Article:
The Cuban economy is very dependent on the outside. The country does not have much of the raw materials and products it needs, and its exportable offer is very limited and is reduced to products such as nickel, sugar, tobacco, rum, fish and shellfish, in addition to chemicals, medicines and derivatives oil from Venezuela.

To respond to this economic dependence, the Cuban government is prioritizing import substitution by increasing national production and new exportable products.

One of the sectors with greater development is tourism, which occupies a prominent place in the Cuban economy and has an important presence of Spanish hotel chains. In addition, several Spanish companies are developing real estate projects related to this sector.

In recent years, Cuba has relaunched its foreign policy with the countries of its region and at the multilateral level, including the reestablishment of relations with the United States, although President Trump has tightened the regulatory measures of bilateral exchanges. With Spain, he has maintained relations since 1902 on the basis of a friendly and constructive cooperation and the close existing historical and cultural links, overcoming past reticence.

Bilateral trade

The volume of Spanish exports to Cuba in 2017 exceeded 898 million euros, 1.1% less than the previous year. In 2018 they reached 971 million euros. Spain was the third country supplier of Cuba, behind Venezuela (oil) and China. The exported products are very diversified, from machinery and electrical equipment to supplies for agriculture, hospitality and construction, automotive spare parts and food products.

The Spanish companies that export to Cuba are mostly SMEs. About 250 are implanted in the island through commercial delegation, 37 as mixed companies and 12, between mixed and subsidiaries, in the Special Development Zone of Mariel.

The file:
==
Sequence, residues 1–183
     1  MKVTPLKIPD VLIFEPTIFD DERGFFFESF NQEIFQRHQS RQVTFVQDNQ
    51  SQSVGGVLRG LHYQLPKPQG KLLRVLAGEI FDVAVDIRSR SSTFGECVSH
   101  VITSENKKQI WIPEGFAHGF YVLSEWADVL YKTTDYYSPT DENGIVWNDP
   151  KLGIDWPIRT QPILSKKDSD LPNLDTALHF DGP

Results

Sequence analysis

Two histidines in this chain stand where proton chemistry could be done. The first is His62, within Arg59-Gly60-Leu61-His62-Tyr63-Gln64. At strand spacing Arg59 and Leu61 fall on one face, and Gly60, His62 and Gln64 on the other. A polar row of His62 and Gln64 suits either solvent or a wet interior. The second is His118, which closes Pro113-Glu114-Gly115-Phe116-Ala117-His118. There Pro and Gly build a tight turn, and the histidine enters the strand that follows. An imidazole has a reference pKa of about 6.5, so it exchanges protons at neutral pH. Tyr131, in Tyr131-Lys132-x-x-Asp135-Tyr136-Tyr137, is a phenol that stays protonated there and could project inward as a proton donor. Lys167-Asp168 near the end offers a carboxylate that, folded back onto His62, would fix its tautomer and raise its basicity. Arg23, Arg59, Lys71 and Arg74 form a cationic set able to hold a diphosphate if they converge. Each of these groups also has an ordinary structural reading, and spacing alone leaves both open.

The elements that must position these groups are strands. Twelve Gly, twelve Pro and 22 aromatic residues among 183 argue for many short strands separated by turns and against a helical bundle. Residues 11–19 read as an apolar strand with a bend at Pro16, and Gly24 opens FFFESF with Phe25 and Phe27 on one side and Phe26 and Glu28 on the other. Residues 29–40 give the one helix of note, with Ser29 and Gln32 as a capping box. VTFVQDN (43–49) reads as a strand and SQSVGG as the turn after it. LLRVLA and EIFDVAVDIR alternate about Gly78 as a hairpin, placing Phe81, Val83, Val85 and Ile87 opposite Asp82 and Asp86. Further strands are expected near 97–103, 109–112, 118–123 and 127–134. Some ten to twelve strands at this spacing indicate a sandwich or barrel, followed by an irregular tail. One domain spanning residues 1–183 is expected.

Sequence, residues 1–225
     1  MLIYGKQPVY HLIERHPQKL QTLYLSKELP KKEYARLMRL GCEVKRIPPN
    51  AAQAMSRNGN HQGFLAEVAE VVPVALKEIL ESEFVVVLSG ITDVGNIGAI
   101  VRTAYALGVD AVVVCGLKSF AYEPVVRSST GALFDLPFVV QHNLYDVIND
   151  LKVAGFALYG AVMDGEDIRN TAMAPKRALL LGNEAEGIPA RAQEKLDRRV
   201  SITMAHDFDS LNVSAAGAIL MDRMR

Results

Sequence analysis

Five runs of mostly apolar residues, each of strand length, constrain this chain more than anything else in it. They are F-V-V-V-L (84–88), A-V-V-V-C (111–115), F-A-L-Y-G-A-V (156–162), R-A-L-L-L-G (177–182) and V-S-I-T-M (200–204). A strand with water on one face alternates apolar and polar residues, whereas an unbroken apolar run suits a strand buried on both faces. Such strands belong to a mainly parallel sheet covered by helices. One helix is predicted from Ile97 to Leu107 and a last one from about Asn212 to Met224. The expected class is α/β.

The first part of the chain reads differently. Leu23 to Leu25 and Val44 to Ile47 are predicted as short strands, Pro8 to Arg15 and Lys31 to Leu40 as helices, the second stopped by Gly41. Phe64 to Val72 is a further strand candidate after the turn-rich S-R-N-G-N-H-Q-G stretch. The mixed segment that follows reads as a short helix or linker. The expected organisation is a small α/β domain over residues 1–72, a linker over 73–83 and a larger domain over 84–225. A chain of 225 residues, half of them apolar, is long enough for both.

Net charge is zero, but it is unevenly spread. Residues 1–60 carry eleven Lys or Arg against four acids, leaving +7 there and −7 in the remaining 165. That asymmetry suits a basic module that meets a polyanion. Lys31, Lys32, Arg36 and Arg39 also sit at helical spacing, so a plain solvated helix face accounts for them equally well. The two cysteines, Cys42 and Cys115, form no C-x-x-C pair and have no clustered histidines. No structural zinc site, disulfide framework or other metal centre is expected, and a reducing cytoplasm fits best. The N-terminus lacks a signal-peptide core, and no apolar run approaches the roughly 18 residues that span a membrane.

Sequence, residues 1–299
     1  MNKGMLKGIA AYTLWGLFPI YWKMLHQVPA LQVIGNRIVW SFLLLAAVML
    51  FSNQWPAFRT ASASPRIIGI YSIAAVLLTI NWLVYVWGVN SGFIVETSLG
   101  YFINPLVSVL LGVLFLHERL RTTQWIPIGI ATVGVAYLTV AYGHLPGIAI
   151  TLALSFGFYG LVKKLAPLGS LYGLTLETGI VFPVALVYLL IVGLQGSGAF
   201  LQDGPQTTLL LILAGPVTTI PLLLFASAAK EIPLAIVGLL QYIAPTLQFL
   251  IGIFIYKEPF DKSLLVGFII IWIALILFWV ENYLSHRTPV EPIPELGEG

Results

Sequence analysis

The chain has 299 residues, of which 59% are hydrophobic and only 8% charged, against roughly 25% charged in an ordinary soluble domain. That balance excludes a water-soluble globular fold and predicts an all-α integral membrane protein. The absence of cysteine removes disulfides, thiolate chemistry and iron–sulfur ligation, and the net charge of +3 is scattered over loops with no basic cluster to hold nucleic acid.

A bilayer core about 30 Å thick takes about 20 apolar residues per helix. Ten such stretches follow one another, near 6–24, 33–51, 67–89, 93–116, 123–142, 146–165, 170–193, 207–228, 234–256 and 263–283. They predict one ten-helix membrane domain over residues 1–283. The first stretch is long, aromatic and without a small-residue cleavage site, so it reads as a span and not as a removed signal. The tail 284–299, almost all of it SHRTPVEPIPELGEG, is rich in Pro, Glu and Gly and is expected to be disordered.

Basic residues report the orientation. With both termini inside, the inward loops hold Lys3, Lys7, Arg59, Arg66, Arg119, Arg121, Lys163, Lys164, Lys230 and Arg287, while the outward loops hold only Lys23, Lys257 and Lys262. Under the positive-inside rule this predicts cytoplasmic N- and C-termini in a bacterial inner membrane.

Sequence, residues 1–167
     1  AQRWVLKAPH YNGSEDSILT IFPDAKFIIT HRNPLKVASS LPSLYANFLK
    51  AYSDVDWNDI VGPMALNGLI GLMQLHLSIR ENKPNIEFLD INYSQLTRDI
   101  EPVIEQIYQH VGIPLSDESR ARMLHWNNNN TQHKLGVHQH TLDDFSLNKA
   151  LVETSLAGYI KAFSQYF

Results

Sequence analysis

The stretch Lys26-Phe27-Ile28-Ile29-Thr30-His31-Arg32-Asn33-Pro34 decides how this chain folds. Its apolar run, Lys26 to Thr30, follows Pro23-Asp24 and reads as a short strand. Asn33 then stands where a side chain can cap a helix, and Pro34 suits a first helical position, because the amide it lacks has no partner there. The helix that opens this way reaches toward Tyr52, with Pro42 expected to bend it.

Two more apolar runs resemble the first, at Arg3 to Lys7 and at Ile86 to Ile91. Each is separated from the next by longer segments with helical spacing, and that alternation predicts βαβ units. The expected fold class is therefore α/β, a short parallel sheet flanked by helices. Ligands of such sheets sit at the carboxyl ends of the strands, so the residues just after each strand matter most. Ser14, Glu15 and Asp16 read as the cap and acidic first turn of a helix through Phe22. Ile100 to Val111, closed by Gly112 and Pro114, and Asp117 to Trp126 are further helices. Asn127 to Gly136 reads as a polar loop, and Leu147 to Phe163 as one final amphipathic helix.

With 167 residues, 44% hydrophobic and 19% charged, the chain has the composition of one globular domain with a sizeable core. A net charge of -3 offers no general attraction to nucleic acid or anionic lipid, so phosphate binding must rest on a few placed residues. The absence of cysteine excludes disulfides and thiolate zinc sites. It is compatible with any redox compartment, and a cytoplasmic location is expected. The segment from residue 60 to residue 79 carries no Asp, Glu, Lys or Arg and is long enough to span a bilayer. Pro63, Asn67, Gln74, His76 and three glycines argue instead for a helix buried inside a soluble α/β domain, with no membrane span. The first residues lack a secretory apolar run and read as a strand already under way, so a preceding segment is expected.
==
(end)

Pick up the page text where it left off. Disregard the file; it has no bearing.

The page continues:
Imports from Cuba in 2017 amounted to 169 million euros, while in 2018 they were reduced to 114 million euros. The products are very little diversified and are concentrated in rum, tobacco, fish and shellfish, sugar and scrap of various metals.

The main sectors of the Spanish export to Cuba in the months accounted for 2019 are plastic materials, electrical equipment, paints and inks, equipment for fluids, automotive equipment and components, construction machinery, steel and automobile foundry products. The most prominent imports from Cuba are distillates and spirits, cigars, shellfish, fuels, semi-finished products of copper and aluminum, sugar, cigarettes and iron smelting products.

Spain is one of the main investor countries in Cuba. The investment made by Spanish companies in 2017 reached 357 million euros, a decrease of 4% compared to the previous year. Most of this investment goes to the tobacco industry, accommodation services and financial services.

Business opportunities

Taking into account the shortage that characterizes the Cuban market, there are business opportunities in almost all sectors. However, the State prioritizes the sectors that generate more foreign exchange, such as tourism, nickel, tobacco, biotechnology or sugar, so that they offer more economic security to foreign companies.

The greatest investment opportunities are currently in the tourism sector, with large expansion projects for the coming years in hotel infrastructure.

The Cuban government is promoting the participation of foreign investors in the development of many economic sectors. There are 455 projects in 18 sectors, ranging from tourism to the oil and agri-food industry. This strategy includes the Special Development Zone (ZED) of Mariel, which concentrates about 50 investment projects.

The ZED Mariel has its own regulatory framework that gives it a special regime with more attractive tax advantages for foreign investment. The logistics, biotechnology and pharmaceutical and manufacturing sectors constitute the highest priority activities.

>> related links

Cuba: country file

Cuba: country guide

Cuba: economic and commercial report

Guide of the investor in Cuba

Main sectors exported to Cuba

Main sectors imported from Spain

Government of Cuba

Ministry of Foreign Affairs of Cuba

Central Bank of Cuba

ProCuba: Center for the Promotion of Foreign Trade and Foreign Investment

National Bureau of Statistics and Information of Cuba

ICEX, Spain Export and Investment

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